THE NIGHT OF COUNTING THE YEARS

(Al Momia, Egypt/1969) by Shadi Abdel Salam

momiaWritten by Shadi Abdel Salam. Editing: Kamal Abou El Ella. Director of Photography: Abdel Aziz Fahmi. Music: Mario Nascimbene. Set Design: Salah Marei. Production Company: Egyptian General Cinema Organization. Starring: Ahmed Marei (Wannis), Ahmed Hegazi (Brother), Zouzou Hamdi El Hakim (Mother), Nadia Lofti (Zeena). Running time: 103’. Colour. Language: Arabic with French/English subtitles. From: Egyptian Film Centre.

Restored in 2009 by the World Cinema Foundation at Cineteca di Bologna L’Immagine Ritrovata Laboratory.

Momia, which is commonly and rightfully acknowledged as one of the greatest Egyptian films ever made, is based on a true story: in 1881, precious objects from the Tanite dynasty started turning up for sale, and it was discovered that the Horabat tribe had been secretly raiding the tombs of the Pharaohs in Thebes. A rich theme, and an astonishing piece of cinema. The picture was extremely difficult to see from the 70s onward. I managed screen a 16mm print which, like all the prints I’ve seen since, had gone magenta. Yet I still found it an entrancing and oddly moving experience, as did many others. I remember that Michael Powell was a great admirer. Momia has an extremely unusual tone – stately, poetic, with a powerful grasp of time and the sadness it carries. The carefully measured pace, the almost ceremonial movement of the camera, the desolate settings, the classical Arabic spoken on the soundtrack, the unsettling score by the great Italian composer Mario Nascimbene – they all work in perfect harmony and contribute to the feeling of fateful inevitability. Past and present, desecration and veneration, the urge to conquer death and the acceptance that we, and all we know, will turn to dust… a seemingly massive theme that the director, Shadi Abdel Salam, somehow manages to address, even emobody with his images. Are we obliged to plunder our heritage and everything our ancestors have held sacred in order to sustain ourselves for the present and the future? What exactly is our debt to the past? The picture has a sense of history like no other, and it’s not at all surprising that Roberto Rossellini agreed to lend his name to the project after reading the script. And in the end, the film is strangely, even hauntingly consoling – the eternal burial, the final understanding of who and what we are… am very excited that Shadi Abdel Salam’s masterpiece has been restored to original splendor. –Martin Scorsese, May 2009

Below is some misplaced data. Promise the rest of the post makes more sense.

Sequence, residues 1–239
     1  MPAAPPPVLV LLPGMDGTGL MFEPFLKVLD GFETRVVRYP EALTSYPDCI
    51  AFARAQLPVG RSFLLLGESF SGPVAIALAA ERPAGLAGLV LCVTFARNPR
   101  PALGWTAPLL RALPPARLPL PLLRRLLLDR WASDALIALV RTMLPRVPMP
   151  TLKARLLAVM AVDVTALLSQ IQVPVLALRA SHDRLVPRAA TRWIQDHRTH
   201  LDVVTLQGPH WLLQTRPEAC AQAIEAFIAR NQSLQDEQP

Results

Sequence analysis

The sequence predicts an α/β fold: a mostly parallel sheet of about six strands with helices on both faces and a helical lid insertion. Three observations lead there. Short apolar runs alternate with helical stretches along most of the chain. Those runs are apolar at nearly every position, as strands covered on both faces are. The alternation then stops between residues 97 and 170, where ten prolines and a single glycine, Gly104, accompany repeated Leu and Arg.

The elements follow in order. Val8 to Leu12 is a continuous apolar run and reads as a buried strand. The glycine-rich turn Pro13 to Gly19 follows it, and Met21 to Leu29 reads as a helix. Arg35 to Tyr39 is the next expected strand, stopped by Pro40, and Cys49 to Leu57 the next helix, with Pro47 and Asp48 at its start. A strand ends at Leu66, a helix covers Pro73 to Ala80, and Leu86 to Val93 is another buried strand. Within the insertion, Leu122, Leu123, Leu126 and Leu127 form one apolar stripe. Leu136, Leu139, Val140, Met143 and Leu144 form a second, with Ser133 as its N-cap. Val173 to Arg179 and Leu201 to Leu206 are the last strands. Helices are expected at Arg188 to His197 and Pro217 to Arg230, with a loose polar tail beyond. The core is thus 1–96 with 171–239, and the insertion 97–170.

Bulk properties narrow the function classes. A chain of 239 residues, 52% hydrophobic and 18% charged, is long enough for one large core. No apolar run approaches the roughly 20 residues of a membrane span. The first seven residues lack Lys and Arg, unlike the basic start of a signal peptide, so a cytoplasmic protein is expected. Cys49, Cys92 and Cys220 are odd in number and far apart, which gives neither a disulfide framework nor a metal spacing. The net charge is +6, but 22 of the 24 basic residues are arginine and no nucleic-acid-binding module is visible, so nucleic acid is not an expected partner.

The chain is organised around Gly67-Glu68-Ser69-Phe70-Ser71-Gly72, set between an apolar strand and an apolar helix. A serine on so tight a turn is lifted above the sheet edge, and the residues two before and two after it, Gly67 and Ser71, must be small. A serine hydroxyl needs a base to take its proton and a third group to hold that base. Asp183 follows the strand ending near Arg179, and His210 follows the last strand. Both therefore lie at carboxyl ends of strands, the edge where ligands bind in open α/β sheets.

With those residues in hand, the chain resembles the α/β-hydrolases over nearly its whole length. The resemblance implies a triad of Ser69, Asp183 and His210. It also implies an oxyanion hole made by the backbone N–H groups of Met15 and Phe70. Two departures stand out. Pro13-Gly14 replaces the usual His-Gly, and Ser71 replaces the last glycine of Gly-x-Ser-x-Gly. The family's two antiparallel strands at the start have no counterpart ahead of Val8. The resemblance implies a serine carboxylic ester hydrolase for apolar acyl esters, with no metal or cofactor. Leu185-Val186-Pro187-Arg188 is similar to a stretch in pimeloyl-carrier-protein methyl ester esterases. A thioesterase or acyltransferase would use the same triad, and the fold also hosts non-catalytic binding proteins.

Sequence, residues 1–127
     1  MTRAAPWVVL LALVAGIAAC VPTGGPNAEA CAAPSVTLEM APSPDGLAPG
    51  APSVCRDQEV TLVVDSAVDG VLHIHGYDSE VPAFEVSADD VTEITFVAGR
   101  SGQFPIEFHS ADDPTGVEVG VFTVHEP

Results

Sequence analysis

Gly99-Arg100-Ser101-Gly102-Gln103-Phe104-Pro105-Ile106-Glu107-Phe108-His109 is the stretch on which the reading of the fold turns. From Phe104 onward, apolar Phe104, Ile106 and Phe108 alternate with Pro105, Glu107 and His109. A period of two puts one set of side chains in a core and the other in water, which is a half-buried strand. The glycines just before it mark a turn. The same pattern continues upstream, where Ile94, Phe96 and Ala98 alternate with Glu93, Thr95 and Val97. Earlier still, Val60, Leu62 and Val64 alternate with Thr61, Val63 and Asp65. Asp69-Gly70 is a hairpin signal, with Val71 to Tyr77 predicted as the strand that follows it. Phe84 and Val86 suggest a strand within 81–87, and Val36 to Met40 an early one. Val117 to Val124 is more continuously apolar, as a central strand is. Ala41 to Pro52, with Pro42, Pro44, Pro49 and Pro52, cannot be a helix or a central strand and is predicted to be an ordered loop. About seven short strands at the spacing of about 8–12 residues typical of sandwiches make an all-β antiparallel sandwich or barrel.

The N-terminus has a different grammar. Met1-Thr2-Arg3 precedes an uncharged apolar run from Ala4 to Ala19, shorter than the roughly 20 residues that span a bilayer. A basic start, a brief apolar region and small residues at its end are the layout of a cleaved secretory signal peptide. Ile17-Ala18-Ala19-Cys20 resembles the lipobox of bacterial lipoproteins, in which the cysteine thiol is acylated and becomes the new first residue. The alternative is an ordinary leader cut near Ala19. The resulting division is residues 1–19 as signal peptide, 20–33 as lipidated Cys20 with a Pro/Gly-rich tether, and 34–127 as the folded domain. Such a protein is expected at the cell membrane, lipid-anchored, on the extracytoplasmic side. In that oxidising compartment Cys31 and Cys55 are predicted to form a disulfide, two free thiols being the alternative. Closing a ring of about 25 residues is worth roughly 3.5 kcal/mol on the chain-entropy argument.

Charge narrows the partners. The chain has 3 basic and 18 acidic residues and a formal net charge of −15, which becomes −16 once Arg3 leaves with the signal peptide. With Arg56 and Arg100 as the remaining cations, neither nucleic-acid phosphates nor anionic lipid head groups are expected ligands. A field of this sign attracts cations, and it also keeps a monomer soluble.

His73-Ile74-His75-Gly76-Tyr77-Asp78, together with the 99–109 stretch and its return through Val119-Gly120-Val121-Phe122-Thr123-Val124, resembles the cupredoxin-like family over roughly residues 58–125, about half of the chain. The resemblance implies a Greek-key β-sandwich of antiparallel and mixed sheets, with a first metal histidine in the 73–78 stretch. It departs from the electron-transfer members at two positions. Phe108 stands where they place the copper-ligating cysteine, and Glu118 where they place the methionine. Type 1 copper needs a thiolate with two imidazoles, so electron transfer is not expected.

Notes on restoration
The restoration of Al Momia used the original 35mm camera and sound negatives preserved at the Egyptian Film Center in Giza. The digital restoration produced a new 35mm internegative. The film was restored with the support the Egyptian Ministry of Culture.